The Campinas team has not only experimented with zebrafish, which are much more friendly than lamprey, but also with mice, chickens and quail, and have examined the formation of their inner heart chambers—the atria and ventricles, which are essential for storage and distribution of the blood circulating throughout the organism. After almost two decades of work, they have concluded that the types of heart chambers are determined by the action of retinoic acid. It is a wave-like action, that is sometimes intense, sometimes less so, at specific moments of embryonic development. According to Neto, when as yet unspecialized cells come in contact with retinoic acid, they are instructed to arrange themselves and form a reservoir for blood, that is, an atrium. When no retinoic acid is detected, they form into a strong driving pump for blood, that is, a ventricle.
The two structures are quite different: the atrium has a smooth surface and acts as an inflatable reservoir to receive blood. The proteins responsible for its contraction, the myosins, are slow. The ventricle has a rough surface and walls that are thicker and higher than those of the atrium, with its fast-acting myosins, and able to contract forcefully to distribute blood to all cells of the body. The human heart—an organ about the size of a fist, weighing 250 grams in adult women and 300 grams in adult men, which beats 100,000 times per day, pumping about five liters of blood—has two atria above two ventricles.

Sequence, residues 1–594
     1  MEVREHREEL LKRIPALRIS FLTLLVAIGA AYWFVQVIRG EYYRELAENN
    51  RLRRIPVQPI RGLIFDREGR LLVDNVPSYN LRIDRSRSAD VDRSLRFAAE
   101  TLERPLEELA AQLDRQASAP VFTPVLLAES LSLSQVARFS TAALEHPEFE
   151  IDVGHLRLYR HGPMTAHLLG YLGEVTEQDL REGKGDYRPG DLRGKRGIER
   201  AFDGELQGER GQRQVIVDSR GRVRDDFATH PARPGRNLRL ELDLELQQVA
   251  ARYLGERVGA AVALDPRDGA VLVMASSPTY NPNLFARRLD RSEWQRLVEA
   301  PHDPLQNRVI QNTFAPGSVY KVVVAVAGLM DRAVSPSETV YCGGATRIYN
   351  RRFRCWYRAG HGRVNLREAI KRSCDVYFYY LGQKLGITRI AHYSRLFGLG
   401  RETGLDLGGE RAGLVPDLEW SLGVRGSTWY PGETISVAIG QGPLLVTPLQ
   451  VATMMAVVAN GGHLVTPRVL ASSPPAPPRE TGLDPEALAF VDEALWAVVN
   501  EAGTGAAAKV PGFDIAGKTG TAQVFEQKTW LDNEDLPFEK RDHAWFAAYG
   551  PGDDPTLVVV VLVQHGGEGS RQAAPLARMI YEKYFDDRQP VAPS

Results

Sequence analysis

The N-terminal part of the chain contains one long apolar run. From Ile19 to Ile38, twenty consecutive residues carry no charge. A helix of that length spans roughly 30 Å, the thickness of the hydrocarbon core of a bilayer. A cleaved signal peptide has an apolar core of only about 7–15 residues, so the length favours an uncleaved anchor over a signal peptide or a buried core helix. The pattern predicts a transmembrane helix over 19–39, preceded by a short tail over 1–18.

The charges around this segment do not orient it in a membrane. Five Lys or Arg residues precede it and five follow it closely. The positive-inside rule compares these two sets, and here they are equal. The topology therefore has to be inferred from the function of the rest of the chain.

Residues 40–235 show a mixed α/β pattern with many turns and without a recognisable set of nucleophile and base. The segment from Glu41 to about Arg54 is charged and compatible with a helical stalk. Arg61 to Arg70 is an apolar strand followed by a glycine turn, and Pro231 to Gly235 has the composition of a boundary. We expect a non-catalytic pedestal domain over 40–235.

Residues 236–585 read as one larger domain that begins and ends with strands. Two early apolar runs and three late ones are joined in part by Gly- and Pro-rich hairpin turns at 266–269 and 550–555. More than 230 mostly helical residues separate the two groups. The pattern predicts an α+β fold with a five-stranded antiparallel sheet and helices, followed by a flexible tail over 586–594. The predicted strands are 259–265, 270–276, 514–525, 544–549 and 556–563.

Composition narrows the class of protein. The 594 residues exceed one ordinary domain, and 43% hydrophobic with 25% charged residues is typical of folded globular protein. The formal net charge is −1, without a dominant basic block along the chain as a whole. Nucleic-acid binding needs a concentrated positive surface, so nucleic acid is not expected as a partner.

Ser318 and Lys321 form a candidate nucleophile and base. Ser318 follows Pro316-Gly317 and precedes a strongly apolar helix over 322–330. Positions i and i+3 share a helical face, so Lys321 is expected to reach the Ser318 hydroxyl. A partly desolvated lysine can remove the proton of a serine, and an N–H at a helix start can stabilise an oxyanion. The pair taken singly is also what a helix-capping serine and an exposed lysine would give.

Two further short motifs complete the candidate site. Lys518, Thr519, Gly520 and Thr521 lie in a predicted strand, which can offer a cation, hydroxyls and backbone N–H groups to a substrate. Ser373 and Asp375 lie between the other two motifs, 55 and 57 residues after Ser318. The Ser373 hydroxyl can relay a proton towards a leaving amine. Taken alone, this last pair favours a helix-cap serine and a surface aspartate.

The Campinas team and others pursuing the same line of research are furthering the understanding of the origin of cardiac problems associated with retinoic acid, a vitamin A derivative widely used in cosmetics. “If a woman uses it at the beginning of her pregnancy, malformations are almost a certainty. That’s why doctors request a pregnancy test before prescribing retinoic acid for skin treatments,” says Neto, a Rio de Janeiro native with a degree in medicine from the Federal University of Ceará (UFC). “Human beings are extremely sensitive to retinoic acid, but without it, we would not be here. It all depends on the dose and the location where it is going to act.” For now the possibility of preventing and correcting early fetal heart problems is remote, because retinoic acid acts in the first few weeks of pregnancy, when women in general do not even know they are pregnant.